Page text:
Capers (Capparis spinosa) traditionally has been used for gas, liver function, heart disease, kidney disorders, parasitic worm infections, anemia, arthritis, gout, and as a tonic. Capers has also been used for low blood sugar. In early study, capers has shown antioxidant, liver protective, anti-inflammatory, antimicrobial, and sun protective properties.
The combination therapy Liv-52® (Himalaya Herbals, India), which contains ferric oxide, capers, and several other herbal ingredients, may be an effective treatment for cirrhosis. The efficacy of capers alone for cirrhosis or other conditions remains unproven.
These uses have been tested in humans or animals. Safety and effectiveness have not always been proven. Some of these conditions are potentially serious, and should be evaluated by a qualified healthcare provider.
There is limited evidence of the effect of capers alone on cirrhosis. Additional studies are needed.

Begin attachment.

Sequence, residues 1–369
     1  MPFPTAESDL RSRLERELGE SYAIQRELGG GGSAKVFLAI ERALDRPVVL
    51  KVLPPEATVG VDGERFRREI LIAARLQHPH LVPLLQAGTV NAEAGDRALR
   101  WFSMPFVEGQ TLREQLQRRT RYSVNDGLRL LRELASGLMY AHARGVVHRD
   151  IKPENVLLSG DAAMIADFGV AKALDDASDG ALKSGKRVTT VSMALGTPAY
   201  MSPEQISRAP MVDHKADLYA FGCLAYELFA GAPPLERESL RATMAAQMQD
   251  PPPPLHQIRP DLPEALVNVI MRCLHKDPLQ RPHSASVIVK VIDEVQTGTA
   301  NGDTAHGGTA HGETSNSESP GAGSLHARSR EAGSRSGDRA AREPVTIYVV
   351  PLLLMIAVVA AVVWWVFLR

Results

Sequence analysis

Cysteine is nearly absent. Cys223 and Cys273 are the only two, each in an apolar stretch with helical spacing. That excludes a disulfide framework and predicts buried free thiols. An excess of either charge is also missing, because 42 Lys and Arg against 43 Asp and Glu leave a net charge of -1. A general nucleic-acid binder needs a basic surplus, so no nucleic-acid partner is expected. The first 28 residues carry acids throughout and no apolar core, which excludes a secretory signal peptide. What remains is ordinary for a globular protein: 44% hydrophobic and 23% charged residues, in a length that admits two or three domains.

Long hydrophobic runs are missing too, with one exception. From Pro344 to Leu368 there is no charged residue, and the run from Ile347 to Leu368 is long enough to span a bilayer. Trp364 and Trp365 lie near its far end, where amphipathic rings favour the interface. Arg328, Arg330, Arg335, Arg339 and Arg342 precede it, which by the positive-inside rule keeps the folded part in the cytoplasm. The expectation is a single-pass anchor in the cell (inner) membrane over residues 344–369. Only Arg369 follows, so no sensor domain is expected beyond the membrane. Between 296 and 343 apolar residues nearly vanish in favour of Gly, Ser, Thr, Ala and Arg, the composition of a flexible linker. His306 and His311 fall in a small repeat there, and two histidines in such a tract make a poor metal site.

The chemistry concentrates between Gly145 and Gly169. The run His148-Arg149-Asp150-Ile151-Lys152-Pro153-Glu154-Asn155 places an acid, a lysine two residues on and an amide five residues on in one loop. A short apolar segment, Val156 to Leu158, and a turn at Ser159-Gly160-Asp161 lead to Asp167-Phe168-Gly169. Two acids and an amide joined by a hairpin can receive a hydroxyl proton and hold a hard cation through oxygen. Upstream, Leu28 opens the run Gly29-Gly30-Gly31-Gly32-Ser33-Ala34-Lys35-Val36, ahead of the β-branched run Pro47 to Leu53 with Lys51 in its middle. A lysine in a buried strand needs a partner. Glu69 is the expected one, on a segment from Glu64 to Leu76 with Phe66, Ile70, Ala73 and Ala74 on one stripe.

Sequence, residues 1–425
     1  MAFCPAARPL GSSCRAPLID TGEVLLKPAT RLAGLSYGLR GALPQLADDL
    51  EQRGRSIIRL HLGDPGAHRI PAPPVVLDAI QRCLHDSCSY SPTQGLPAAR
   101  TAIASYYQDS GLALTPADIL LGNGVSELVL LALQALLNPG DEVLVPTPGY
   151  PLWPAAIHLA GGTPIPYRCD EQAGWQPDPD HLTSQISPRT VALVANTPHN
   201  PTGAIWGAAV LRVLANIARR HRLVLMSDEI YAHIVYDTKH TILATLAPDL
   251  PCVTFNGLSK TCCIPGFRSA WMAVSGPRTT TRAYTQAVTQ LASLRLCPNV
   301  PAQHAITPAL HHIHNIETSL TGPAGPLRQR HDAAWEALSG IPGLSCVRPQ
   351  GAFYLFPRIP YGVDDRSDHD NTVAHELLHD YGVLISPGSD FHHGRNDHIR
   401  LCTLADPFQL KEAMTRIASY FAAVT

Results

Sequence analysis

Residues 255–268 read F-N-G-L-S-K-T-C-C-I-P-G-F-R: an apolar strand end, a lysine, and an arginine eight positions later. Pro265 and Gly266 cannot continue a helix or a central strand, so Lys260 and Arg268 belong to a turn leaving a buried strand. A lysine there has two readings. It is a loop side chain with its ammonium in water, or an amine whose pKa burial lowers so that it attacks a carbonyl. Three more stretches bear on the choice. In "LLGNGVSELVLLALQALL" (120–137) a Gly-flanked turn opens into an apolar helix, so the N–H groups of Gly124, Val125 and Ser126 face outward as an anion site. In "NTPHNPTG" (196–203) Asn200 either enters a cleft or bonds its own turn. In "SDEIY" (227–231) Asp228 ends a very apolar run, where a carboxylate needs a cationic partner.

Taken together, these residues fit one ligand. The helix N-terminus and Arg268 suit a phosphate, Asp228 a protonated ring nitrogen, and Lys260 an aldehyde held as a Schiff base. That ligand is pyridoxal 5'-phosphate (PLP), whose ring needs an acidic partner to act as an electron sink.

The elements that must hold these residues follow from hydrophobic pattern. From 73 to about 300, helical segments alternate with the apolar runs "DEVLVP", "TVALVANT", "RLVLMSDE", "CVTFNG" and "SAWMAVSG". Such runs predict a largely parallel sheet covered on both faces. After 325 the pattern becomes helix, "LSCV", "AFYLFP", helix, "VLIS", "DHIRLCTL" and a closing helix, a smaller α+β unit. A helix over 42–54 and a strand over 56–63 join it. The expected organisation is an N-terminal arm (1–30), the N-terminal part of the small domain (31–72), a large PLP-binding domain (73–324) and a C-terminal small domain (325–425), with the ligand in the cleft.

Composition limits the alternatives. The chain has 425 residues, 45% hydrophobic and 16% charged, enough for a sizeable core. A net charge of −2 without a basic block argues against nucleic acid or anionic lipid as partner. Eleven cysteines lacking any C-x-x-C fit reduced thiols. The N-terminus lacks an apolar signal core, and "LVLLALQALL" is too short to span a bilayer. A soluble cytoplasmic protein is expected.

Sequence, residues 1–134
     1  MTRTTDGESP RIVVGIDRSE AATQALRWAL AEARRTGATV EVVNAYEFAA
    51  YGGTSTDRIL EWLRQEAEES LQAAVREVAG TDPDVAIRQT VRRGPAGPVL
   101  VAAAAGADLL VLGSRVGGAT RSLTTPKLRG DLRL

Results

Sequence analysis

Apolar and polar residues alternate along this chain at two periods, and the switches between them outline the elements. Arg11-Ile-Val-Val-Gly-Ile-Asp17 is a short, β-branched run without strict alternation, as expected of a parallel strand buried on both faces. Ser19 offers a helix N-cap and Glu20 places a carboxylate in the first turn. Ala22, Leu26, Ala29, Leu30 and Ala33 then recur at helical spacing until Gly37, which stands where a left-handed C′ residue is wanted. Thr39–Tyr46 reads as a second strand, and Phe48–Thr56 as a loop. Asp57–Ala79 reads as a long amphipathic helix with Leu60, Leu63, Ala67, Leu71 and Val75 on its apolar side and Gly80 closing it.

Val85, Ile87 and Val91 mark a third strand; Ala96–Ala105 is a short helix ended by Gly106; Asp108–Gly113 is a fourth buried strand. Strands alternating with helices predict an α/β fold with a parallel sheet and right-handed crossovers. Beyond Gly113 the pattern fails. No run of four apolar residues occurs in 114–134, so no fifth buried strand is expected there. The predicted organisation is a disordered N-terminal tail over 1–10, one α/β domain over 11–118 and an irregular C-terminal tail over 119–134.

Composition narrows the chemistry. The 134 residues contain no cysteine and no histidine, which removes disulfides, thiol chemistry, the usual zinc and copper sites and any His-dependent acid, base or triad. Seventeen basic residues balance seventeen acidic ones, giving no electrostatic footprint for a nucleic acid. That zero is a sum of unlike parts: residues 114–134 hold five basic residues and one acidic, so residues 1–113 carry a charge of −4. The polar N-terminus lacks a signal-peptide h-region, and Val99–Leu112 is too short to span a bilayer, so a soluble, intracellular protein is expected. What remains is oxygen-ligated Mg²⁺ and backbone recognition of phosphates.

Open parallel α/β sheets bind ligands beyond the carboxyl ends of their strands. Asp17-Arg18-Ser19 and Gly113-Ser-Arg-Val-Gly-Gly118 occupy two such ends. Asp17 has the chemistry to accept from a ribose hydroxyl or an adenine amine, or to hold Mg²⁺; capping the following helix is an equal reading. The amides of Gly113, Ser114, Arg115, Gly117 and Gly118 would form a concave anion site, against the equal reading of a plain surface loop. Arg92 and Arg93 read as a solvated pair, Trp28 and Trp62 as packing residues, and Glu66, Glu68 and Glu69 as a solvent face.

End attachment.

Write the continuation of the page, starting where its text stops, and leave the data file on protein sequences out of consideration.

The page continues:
* Key to grades
A: Strong scientific evidence for this use B: Good scientific evidence for this use C: Unclear scientific evidence for this use D: Fair scientific evidence for this use (it may not work) F: Strong scientific evidence against this use (it likley does not work)
Tradition / Theory
The below uses are based on tradition, scientific theories, or limited research. They often have not been thoroughly tested in humans, and safety and effectiveness have not always been proven. Some of these conditions are potentially serious, and should be evaluated by a qualified healthcare provider. There may be other proposed uses that are not listed below.
The U.S. Food and Drug Administration does not strictly regulate herbs and supplements. There is no guarantee of strength, purity or safety of products, and effects may vary. You should always read product labels. If you have a medical condition, or are taking other drugs, herbs, or supplements, you should speak with a qualified healthcare provider before starting a new therapy. Consult a healthcare provider immediately if you experience side effects.
Avoid with known allergy or hypersensitivity to capers. Cross-sensitivity with mustard oil may be possible.
Side Effects and Warnings
There is limited evidence of adverse effects with use of capers. Cross-sensitivity with mustard oil may be possible. Rash has been reported when capers was applied to the skin in a wet compress.